Following the standards of classic tragic heroes, Satan is a determined leader with an extreme amount of hubris. He knows that God is the most powerful being and yet he still rises against him, wanting more than just God’s highest approval. As compared to most tragic and epic heroes, Satan begins in a position of supreme status but his tragic flaw leads to his downfall. In Book I, Milton describes Satan’s fatal flaw of hubris:
“Th’ infernal serpent; he it was, whose guile
Stirred up with envy and revenge, deceived
The mother of Mankind, what time his pride
Had cast him out from Heav’n with all his host
Of rebel angels, by whose aid aspiring
To set himself in glory above his peers,
He trusted to have equaled the Most High” (34-40)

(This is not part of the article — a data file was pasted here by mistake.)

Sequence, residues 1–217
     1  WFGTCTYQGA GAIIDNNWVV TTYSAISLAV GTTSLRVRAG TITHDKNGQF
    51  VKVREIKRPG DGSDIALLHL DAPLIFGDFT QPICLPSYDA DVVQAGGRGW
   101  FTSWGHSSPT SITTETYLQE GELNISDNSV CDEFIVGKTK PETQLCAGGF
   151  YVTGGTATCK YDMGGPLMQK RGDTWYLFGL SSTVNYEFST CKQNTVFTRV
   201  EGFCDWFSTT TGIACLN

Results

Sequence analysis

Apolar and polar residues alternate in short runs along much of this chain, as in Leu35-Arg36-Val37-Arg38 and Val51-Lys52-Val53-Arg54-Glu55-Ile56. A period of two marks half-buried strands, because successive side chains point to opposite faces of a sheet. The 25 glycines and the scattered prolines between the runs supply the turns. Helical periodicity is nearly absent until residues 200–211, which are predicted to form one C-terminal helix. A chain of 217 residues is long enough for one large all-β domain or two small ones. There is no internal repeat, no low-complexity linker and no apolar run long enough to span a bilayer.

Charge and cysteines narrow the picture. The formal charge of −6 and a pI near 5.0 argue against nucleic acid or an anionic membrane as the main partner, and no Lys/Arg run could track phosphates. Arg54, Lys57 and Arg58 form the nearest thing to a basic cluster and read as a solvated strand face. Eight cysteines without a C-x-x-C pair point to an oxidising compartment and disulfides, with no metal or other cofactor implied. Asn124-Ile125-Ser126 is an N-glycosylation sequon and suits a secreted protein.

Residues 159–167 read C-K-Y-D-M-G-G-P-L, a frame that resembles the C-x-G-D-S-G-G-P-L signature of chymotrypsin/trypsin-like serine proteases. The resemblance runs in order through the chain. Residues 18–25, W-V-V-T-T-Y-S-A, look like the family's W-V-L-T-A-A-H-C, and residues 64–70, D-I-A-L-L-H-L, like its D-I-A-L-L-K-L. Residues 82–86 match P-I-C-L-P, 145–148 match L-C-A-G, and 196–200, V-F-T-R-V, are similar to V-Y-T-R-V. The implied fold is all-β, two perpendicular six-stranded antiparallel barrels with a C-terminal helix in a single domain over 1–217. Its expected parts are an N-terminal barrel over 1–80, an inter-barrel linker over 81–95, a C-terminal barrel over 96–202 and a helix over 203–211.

Satan proves his leadership by managing to cause the fall of other angels as well. He has a legion of rebel angels that he has somehow convinced to join him in his revolt against God. The angels and he mistakenly believe him to be just as powerful as God (line 40). Perhaps his futile attempts to win are what attract the sympathy and understanding of human beings, for mankind is constantly trying to change things they will never be abl...
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...ubts himself, has jealousy, confidence and does not know he is wrong when he is; all of which a reader can identify with. Satan is in the same position as human beings under an omnipotent God who has foreseen their fate and yet argues that they possess free will. Both Satan and mankind have a choice to obey or do evil, and that is where they are similar.
Milton, John. Paradise Lost. Ed. William Kerrigan, John Peter Rumrich, and Stephen M. Fallon. New York: Modern Library, 2008. Print.
Wallace, Matt. "A Devil of a Problem: Satan as Hero in Paradise Lost." The Compleat Heretic. 08 12 2008. Web. 26 Oct. 2011.
"Milton, John." Encyclopedia Britannica's Guide to Shakespeare. Encyclopedia Britannica, Inc., 2011. Web. 26 Oct 2011.
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